Fixed Rate vs Variable Rate Home Loan

February 24, 2017
Owen McDonald



Recently, several lenders have begun to lift their interest rates across their home loan products.


Moving forward, many economists are of the opinion that rates will rise further this year.  The Reserve Bank of Australia is widely expected to lift rates at some point within the next 12 months.

With this in mind, it is clear that the bottom of the rate cycle may soon be behind us.  As such, now is the perfect time to review your current financial situation and make sure you are still in the right product for your needs.

Deciding between a fixed or variable rate home loan really comes down to personal preference – there is no right or wrong decision.   Interest rates are currently sitting at historically low levels across all product types, so any decision you make will not be a bad one.  That said, before deciding whether or not you would like a fixed rate, variable rate or split rate mortgage, it is a good idea to weigh up the pros and cons associated with each option.


There are several advantages and disadvantages associated with each option.


For example, fixing your home loan can help to make budgeting easier as you’ll know exactly what your mortgage repayments will be.   In addition, any future rate rises (that occur within your fixed rate period) won’t affect you or your loan repayments.  Although, a disadvantage of fixing your home loan could be any break fees associated with your loan.   If you were to change your mind or want to exit your fixed rate home loan before the fixed rate period has come to an end, you could be required to pay break fees (which may be in the thousands of dollars).  In addition, fixed rates are generally less flexible than variable rate products, and as such, you may not be able to make additional loan repayments.  Finally, if rates were to drop further during your fixed rate term, your home loan interest rate will not drop.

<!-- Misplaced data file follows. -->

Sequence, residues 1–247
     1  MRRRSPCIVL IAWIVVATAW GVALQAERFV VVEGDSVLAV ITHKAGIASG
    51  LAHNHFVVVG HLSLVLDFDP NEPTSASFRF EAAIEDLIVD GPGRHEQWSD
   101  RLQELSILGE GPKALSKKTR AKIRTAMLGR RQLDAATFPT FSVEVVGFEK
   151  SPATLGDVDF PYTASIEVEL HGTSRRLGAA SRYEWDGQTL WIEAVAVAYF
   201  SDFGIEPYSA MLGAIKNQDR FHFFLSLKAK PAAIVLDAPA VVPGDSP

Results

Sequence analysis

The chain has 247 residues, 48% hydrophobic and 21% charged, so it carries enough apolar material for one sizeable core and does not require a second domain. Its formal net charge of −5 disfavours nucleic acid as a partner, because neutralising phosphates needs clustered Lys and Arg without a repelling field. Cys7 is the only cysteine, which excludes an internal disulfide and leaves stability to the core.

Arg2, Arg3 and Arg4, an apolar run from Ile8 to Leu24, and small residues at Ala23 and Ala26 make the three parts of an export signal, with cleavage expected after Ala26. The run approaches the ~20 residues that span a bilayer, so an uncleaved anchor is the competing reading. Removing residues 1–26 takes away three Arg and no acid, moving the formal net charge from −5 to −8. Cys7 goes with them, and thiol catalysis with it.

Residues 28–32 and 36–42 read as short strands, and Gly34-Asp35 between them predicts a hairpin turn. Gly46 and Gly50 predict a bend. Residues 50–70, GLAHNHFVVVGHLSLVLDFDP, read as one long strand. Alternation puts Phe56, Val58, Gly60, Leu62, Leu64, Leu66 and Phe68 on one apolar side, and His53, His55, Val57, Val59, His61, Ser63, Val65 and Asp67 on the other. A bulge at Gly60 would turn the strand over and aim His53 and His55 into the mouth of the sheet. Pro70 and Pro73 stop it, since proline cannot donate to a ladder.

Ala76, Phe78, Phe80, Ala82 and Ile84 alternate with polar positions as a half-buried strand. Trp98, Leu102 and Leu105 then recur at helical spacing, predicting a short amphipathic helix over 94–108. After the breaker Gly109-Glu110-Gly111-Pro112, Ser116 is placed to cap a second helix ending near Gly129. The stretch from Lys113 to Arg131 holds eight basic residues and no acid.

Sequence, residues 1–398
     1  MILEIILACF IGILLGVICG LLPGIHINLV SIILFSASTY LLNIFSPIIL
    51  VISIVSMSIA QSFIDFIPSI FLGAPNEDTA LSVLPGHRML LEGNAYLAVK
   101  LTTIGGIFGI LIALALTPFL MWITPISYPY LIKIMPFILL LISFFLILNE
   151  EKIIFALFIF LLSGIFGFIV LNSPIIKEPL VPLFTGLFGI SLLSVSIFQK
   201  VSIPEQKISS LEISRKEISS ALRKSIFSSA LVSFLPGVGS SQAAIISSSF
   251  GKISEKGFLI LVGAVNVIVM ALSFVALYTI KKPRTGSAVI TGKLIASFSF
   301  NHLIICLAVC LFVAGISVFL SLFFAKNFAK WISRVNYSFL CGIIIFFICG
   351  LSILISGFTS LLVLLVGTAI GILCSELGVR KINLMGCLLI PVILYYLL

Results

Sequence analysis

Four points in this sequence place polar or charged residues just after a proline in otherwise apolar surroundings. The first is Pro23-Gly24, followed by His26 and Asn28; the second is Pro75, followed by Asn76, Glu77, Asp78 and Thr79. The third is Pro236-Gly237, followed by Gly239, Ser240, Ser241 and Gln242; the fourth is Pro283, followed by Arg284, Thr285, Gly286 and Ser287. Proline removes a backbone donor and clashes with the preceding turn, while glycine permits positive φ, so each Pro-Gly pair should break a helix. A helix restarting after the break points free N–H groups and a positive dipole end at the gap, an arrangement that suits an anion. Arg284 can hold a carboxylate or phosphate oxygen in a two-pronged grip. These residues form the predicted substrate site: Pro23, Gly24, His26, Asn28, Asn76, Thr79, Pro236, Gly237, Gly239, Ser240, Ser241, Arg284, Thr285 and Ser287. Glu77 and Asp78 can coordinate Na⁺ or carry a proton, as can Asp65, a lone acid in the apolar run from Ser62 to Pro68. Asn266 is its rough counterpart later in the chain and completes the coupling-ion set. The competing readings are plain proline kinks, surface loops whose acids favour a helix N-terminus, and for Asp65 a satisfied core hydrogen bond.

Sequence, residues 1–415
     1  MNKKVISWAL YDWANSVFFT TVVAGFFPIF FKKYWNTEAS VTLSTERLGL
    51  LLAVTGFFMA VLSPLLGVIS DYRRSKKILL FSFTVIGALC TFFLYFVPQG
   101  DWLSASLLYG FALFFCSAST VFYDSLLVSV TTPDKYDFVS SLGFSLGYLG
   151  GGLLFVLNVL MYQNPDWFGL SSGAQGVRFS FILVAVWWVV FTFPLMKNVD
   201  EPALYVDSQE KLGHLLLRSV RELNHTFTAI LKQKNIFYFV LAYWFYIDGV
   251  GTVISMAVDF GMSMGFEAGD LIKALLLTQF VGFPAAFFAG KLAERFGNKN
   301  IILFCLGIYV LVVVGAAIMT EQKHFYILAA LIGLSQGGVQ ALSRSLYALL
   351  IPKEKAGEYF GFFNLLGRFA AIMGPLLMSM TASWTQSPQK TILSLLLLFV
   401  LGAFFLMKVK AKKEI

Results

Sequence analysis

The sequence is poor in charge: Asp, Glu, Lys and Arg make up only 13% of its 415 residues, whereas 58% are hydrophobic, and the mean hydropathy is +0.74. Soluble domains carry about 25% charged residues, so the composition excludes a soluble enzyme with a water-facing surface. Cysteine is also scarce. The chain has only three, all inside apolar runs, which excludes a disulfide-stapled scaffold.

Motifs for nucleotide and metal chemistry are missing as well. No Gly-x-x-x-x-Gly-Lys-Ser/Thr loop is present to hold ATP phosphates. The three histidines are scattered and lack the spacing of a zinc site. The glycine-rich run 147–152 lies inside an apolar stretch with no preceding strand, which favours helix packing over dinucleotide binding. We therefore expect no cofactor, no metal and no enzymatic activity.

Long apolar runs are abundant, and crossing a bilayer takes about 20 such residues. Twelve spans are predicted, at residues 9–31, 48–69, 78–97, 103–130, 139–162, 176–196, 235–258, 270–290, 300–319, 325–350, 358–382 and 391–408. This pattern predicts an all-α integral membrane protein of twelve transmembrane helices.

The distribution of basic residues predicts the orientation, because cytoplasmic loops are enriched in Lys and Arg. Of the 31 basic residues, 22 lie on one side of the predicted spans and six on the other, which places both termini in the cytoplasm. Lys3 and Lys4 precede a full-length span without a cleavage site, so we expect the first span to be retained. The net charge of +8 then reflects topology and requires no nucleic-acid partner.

Similarly, there are many pros and cons associated with variable rate mortgages. If rates go up, as they will do eventually, your mortgage interest rate will rise too.   As a result, budgeting with a variable rate home loan can become difficult as the mortgage repayments are never guaranteed to stay the same.  However, a variable loan provides the greatest flexibility when refinancing, making additional repayments and using the redraw facility.

If choosing between a fixed and variable rate home becomes too difficult, another option to consider could be to split your mortgage and have part fixed and part variable. Some people will fix 50% of their loan and keep 50% as variable in order to manage some of the risk of interest rate rises.  Others who are more risk adverse may fix 80% of their loan and keep the remaining 20% variable.

All that said, when searching for the perfect home loan, rates aren’t everything. While you want your home loan interest rate to be competitive, you also need your mortgage to be flexible and cater to your unique needs.  Be sure to take all of your needs, wants and goals for the short and long term into account. The decision should come down to your motivations for buying, repayment strategy and intentions for the future.


Posted in: Interest rates

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